23. The certainty of the moral truth, that 'it is useless to foster and fatten this frail frame of the body,' is as powerful to break down the trammels of worldly desires, as the robust lion is capable to break down the iron grate of his prison.
24. The mind of man being freed from the bonds of its desires, becomes as brilliant as the moonlight night, with the pure beams of disinterested delight.
25. The contented mind gets a coolness like that of a heated rock, after it is washed by a shower of rain; and it finds a satisfaction equal to that of a pauper, by his getting the riches of a king and his whole kingdom.
26. The countenance of the contented man, shines as clear as the face of the autumnal sky; and his soul overflows with delight, like the deluvial waters of the deep.
27. The contented man is as silent, as the mute cloud after the rain; and his soul remains as composed with its consciousness, as the profound sea is tranquil with its fulness.
28. He has his patience and steadiness like those of a rock, and he glistens as quietly in himself, as the glowing fire glitters after its fuel is burnt out.
29. He is extinct in himself as the extinguished lamp; and has his inward satisfaction as one who has feasted on ambrosia.
30. He shines with his inward light like a lantern with its lighted lamp; and as fire with its internal lustre, which can never be put out.
31. He sees his soul, as identic with the universal and all pervading soul; which is the lord and master of all, and which abides in all forms in its formless state.
32. He smiles at every thing, by his setting himself above and beyond all mortal and frail things; his days glide away sweetly and softly with him; and he laughs at those men, whose fickle minds are made the marks of cupid's arrows.
33. His holy mind is isolated from the society of men, and from all their amusements; and rests secluded from all company and concern, with the fulness of its spiritual bliss within itself.
34. It gets clear of the turbid and turbulent ocean of this world, and is quite cleared of the dirt of worldly desires; it is loosened from the fetters of its error, and set free from the fear of dualism.
35. The man being thus released, attains the highest state of humanity, and rests in that supreme felicity, which is desired by all and found by few, and from which nobody returns to revisit the earth.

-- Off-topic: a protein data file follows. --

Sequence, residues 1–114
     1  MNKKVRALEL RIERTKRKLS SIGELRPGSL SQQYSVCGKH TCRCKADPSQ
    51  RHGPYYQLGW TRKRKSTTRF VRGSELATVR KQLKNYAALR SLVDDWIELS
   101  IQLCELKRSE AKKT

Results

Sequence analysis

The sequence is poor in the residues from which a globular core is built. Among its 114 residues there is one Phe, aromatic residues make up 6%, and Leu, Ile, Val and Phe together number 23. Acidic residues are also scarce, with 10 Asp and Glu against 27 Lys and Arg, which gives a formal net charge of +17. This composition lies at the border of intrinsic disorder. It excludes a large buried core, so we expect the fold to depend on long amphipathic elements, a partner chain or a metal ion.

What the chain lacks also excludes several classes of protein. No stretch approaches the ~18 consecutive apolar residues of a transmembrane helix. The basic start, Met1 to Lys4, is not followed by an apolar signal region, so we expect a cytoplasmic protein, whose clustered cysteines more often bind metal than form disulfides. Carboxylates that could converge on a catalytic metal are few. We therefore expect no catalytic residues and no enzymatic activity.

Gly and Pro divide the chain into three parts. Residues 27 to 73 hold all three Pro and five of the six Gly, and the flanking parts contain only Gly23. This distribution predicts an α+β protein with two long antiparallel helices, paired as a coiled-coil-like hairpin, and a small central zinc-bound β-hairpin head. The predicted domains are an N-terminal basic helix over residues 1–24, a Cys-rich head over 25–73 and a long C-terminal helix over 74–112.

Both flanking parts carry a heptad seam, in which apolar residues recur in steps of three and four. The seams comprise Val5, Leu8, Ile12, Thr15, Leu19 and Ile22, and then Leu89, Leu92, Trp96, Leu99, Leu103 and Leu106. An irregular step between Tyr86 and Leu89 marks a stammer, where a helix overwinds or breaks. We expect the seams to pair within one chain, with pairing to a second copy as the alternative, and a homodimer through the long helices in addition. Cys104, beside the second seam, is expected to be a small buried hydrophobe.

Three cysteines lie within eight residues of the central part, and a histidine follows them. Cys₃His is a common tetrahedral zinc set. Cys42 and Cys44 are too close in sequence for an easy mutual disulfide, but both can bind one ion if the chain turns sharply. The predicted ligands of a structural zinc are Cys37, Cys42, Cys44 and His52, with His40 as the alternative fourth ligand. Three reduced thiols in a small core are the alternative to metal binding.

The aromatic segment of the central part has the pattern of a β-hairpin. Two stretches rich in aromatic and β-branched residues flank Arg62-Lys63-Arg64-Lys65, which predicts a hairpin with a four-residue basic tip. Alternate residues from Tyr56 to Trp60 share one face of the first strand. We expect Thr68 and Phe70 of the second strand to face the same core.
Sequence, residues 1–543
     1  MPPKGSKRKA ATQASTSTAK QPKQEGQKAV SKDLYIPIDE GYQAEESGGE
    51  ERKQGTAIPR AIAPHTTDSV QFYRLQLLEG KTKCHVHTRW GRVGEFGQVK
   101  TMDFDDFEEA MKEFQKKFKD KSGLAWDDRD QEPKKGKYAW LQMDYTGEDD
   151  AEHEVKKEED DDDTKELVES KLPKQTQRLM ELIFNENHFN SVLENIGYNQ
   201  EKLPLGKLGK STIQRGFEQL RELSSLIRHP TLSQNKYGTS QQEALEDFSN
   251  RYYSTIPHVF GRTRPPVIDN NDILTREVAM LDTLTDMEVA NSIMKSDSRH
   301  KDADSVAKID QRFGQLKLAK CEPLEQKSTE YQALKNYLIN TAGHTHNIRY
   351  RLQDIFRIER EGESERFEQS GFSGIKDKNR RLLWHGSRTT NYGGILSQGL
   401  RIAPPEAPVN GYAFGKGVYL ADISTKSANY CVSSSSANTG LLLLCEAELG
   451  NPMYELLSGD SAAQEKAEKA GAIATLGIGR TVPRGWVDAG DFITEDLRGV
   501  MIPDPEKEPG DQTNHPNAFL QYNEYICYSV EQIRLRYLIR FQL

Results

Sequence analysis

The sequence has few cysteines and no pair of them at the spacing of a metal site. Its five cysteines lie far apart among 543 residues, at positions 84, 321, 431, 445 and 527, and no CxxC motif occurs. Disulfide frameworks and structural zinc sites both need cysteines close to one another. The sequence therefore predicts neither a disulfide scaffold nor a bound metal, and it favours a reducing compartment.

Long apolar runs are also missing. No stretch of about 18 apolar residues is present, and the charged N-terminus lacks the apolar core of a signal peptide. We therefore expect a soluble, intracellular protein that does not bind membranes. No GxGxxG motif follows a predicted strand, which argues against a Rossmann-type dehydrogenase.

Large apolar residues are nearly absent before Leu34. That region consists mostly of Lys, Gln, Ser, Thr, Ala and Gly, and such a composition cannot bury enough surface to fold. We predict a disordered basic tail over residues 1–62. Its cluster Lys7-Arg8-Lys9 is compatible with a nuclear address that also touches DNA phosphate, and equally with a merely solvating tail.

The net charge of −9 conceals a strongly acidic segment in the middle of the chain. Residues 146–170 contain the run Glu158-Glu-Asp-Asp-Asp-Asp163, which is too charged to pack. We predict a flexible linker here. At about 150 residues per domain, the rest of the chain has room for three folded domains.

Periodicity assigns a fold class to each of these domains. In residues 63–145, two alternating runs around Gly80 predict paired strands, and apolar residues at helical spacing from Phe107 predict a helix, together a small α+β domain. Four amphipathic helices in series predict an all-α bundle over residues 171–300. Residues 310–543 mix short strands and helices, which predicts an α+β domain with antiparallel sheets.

36. This height of human ambition being arrived at, there is nothing else to wish for; and this great gratification being once gained, there is no other joy which can delight us more.
37. The self contented man, neither gives to nor receives anything from anybody; he neither praises nor dispraises any one, nor does he rejoice or grieve at anything, nor is he ever elated nor depressed at any occurrence.
38. He is said to be liberated in his life time, for his taking no title on himself, and withholding from all business; as also for his being free from desires (which bind a man fast to this earth).
39. Abstain from wishing any thing in your heart, and hold your tongue in tacit silence; and remain as dumb as a cloud after it has poured down all its waters.
40. Even the embrace of a fairy fails to afford such delight to the body, as the cooling beams of contentment gladdens the mind.
41. Though decked with the disk of the moon, dangling as a breast plate from the neck, one does not derive such coolness, as he feels in himself from the frigidity of contentment-sang froid.
42. The florid arboret decorated with the blooming florets of the vernal season, is not so refreshing to sight; as the smiling countenance of one, fraught with the magnanimity of his soul, and want of cupidity in his mind.
43. Neither the frost of the snowy mountain, nor the coldness of a string of pearls; not even the gelidness of the plantain or sandal paste, or the refreshing beams of the lightsome moon, can afford that internal coolness, as the want of appetency produces in the mind.
44. Contentedness or inappetency of everything, is more charming than the pleasurableness of royal dignity and heavenly felicity, and the pleasantness of moonlight and vernal delights. It is more charming than the enchanting graces of a beauty, (which ravish the senses and not the soul).
45. Inappetence is the source of that complete self-sufficiency, to which the riches of the three worlds can make no addition. (Lit. It cares not a straw (or a fig) for all the prosperity of the world).
46. Self-complacency strikes the axe at the root of the thorny difficulties of the world; and decorates its possessor with blessings like the blossoms of a flowery tree.